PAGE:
Friday's doom and gloom turned a little rosier today with new forecasts for incoming state revenue. The Joint Appropriations Committee determined that receipts from taxes and other revenue will come in about $14 million higher than what Gov. Daugaard originally predicted.
So, at this moment, the mood for funding education in South Dakota seems less bleak. And, there are signals that the governor may be loosening his grip on the 10 percent cut.
Whether that means education will end up facing an 8.6 percent cut or 6.5 percent or 5.2, remains to be seen.
Meanwhile, in the eternal quest for truth in governing, we're wondering about this information from Sen. Jim Hundstad, District 2. He seems to think that there is more money floating around than we've been led to believe.
House Minority Leader Rep. Bernie Hunhoff, District 18, says the point Hundstad is trying to make is that South Dakota is cash rich and getting richer. However, he says, "the governor's office would argue that we still need to limit spending to annual income."
Hunhoff also points out that we have about $800 million in reserves and trust funds, and even the earnings are not being used: "We're certainly not bankrupt like California and some other states, and we could easily come up with a three-year plan to ease out of the structural deficit. But, the governor has refused to do so, however parts of his budget cuts are actually shifts of expenses to future years."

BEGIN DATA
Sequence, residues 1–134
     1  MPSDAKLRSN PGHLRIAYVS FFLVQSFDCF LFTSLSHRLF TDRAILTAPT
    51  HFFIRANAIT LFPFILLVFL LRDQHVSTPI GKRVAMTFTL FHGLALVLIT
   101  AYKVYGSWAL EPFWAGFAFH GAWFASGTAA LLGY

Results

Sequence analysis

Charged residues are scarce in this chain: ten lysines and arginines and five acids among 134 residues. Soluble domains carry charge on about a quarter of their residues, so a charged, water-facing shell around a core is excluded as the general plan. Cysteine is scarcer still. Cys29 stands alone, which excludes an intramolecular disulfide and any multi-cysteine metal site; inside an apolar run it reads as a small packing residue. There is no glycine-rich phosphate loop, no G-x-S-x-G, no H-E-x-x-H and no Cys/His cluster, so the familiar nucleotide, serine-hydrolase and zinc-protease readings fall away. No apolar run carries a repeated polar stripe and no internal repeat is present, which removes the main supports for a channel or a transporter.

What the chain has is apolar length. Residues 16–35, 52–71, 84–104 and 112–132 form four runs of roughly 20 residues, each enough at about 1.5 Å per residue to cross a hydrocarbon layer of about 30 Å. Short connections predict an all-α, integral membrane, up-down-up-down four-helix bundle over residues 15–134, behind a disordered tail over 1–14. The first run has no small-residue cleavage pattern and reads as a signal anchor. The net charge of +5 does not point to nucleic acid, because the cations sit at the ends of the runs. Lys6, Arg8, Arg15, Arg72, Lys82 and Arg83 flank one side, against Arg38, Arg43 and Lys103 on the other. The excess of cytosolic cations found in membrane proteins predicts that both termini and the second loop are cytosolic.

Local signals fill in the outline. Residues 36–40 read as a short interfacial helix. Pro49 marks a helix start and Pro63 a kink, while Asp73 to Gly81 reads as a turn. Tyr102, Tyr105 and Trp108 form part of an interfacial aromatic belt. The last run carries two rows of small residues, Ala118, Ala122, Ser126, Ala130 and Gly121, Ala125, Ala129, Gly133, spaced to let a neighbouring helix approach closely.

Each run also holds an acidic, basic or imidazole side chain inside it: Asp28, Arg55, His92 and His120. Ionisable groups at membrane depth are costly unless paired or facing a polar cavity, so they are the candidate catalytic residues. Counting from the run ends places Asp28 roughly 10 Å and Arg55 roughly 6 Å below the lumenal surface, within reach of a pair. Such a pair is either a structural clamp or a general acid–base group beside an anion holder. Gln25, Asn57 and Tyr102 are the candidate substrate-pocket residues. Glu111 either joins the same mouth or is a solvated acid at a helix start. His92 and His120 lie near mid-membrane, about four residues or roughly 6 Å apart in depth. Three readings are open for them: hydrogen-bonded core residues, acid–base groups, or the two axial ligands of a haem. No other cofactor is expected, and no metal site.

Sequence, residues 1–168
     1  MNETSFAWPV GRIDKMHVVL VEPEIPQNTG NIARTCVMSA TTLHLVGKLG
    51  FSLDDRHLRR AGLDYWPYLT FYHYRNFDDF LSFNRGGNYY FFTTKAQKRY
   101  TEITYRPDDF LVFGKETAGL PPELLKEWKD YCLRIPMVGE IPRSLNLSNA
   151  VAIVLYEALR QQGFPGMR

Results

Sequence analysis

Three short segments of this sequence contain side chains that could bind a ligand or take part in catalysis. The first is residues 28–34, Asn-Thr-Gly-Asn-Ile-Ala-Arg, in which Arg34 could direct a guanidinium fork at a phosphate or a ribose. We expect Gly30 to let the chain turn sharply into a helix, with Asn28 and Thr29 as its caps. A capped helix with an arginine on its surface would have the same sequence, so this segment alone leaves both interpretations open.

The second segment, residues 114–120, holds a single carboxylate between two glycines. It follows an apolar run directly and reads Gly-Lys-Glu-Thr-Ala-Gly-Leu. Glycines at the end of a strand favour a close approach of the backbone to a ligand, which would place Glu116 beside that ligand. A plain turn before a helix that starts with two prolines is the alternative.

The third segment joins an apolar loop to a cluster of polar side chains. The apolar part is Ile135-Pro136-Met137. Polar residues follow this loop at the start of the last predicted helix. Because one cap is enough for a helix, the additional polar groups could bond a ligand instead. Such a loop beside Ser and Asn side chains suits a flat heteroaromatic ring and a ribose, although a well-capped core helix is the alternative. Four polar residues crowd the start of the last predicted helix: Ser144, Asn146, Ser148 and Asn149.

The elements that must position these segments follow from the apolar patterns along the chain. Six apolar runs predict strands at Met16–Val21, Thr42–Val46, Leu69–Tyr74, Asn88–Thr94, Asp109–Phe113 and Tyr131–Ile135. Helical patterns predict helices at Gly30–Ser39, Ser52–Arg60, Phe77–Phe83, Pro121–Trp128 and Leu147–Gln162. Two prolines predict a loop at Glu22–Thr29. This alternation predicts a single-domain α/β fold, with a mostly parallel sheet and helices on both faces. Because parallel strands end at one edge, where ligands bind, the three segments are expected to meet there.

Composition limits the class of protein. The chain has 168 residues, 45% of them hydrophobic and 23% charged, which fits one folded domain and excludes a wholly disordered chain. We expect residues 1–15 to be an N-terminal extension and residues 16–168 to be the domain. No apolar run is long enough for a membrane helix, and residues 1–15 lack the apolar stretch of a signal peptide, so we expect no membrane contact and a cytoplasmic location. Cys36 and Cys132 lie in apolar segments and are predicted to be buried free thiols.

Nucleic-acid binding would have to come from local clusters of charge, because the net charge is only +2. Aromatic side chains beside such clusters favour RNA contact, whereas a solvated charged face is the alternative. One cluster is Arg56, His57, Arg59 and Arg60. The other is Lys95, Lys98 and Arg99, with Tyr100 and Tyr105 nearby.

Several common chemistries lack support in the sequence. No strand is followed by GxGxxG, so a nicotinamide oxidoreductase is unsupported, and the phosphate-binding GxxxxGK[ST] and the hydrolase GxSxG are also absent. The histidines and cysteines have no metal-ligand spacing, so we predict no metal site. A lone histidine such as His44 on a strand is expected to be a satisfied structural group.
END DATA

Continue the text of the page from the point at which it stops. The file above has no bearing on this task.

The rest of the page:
State Rep. Spence Hawley of Brookings has been looking into the reports of extra money stuffed in the state's mattress. He says it is true that the general fund balance grew in the last few months, but that stems from the fact that the state has been using federal stimulus fund dollars for education payments instead of taking the money out of the general fund. That means the checking balance will start to decrease as expenditures will be larger than incoming revenue.
Still, Hawley says, "I'm not saying that I'm agreeing with how the state spent the stimulus III education dollars. It was a slight of the hand between general fund education dollars and the stimulus money. It was meant for the schools to get extra funding, which they never received."
It is difficult to divine the politics from the truth and the statistics from the spin. Most unfortunate is that the future of our children gets left hanging in the balance.
Hunhoff says, "I think the governor's staff is at least partly playing to a national fixation on cutting government, even though our situation in South Dakota is very different from Washington and most other states."